Have you ever faced the dilemma of choosing between an ‘a’ or an ‘an’ or even ‘the’ before a word? Are there any rules you follow? Or do you just end up going with whatever you feel is correct? These questions may seem trivial, but actually play an important role in answering grammar questions and are essential while writing essays, business letters, and those critical covering notes about your achievements.
Luckily, learning the fundamentals of grammar begins pretty early in life for most of us. Articles, or ‘a’, ‘an’, and ‘the’ figure quite early in the learning ladder; even then we are sometimes at a loss about their correct usage. Though the basic rule is quite simple - that if a word begins with a vowel, use ‘an’, and if it begins with a consonant, use ‘a’; ‘the’ is used to point out something certain or identified. Let’s go through the scope of these and master their usage to avoid any embarrassing mistakes later on.
There are two types of articles: indefinite and definite. The indefinite articles are a and an. We use 'a' before words that begin with
consonant sounds like 'a car', 'a bicycle', 'a drum', and 'a girl'. We use 'an' before words that begin with vowel sounds like 'an umbrella', 'an apple', 'an apparition', 'an enigma' and 'an aquarium'. These articles are indefinite because they do not point to any noun in particular. When we speak of ‘a destination,’ we are not speaking of any destination in particular. Similarly, if we write of ‘an idea,’ we don’t have any specific idea in mind.
Determining which indefinite article to use is not as simple as seeing whether the following word begins with a vowel or a consonant. The article 'an' sometimes precedes words that begin with a consonant but are pronounced with an initial vowel sound, as in, 'an hour' and 'an honour'. The article 'a' sometimes precedes words that begin with a vowel but are pronounced with an initial consonant sound, as in, 'a unit' and 'a university'. Some words are pronounced with either an initial consonant or an initial vowel sound, as in, a or an history, a or an hotel. In these cases, you must choose the article that fits in with your pronunciation. This rule applies to acronyms too; for example, in NGO, since the letter 'N' is pronounced ‘en’, it’s ‘an NGO’ but when the full form is used instead of the abbreviation, it changes to ‘a Non-Governmental Organisation’.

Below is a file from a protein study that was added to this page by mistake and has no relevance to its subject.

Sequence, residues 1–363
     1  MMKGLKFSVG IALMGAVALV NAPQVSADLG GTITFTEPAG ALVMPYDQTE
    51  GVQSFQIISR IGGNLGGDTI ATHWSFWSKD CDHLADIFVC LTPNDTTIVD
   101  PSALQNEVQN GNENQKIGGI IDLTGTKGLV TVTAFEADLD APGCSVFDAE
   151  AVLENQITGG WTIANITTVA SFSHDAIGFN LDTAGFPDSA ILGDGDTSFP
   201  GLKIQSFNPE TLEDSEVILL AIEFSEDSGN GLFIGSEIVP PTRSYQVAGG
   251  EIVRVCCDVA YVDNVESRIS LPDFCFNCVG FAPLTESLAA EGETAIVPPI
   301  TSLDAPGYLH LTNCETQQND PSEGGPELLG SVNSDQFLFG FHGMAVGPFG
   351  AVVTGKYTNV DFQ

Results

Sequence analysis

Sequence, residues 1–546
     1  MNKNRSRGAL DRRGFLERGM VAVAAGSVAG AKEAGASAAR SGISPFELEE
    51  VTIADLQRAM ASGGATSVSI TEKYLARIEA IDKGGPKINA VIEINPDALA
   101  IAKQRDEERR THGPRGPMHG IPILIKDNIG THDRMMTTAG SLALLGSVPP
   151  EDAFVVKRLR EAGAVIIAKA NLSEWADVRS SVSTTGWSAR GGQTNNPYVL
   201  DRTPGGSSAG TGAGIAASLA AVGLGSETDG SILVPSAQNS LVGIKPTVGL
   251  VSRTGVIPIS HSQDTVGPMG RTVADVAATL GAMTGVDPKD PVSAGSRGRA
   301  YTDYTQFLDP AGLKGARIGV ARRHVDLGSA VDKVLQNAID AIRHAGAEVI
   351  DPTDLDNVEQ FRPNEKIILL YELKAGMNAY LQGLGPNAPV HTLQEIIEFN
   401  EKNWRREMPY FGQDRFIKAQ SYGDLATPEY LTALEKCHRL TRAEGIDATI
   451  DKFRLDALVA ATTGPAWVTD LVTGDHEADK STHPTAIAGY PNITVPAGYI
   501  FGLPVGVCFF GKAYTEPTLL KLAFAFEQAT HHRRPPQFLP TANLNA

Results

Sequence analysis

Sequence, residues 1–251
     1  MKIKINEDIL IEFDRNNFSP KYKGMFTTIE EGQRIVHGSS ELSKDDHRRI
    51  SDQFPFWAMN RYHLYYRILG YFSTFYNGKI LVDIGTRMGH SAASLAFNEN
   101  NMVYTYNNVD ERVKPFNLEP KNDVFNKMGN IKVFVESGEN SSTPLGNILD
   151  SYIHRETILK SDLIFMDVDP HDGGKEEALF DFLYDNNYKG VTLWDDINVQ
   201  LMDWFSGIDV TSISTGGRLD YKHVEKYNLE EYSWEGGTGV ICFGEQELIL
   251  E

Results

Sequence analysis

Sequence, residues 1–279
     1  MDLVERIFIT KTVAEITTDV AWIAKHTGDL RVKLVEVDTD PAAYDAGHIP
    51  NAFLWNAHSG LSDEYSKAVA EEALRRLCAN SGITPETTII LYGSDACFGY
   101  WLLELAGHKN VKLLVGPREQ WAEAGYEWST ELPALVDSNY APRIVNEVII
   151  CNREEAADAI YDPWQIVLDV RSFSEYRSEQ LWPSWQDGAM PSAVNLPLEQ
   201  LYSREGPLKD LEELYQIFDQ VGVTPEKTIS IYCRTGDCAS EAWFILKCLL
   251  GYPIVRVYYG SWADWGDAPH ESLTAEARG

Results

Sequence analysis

The definite article 'the', on the other hand, points to particular people, places, things and ideas. When we speak of 'the cat', we are referring to one cat in particular. When we say, 'the car', there is only one car that we could mean. We use the definite article when we are certain that the reader or listener knows which person, place, thing, or idea the noun names, as in, “The book you just mentioned is on the bookshelf,” and “The dresses are in the closet.” In the first example, the definite article ‘the’ is used with the noun ‘book’ because the thing named by the noun has been mentioned. In the second sentence, the definite article ‘the’ is used with the noun 'dresses' because the particular dresses are so familiar to the person to whom the sentence is directed that it needs no other identification. ‘The’ is used to make general statements about all things of a particular type. “The metro has led to the loss of many jobs,” and “The bicycle can save the
environment from further damage.”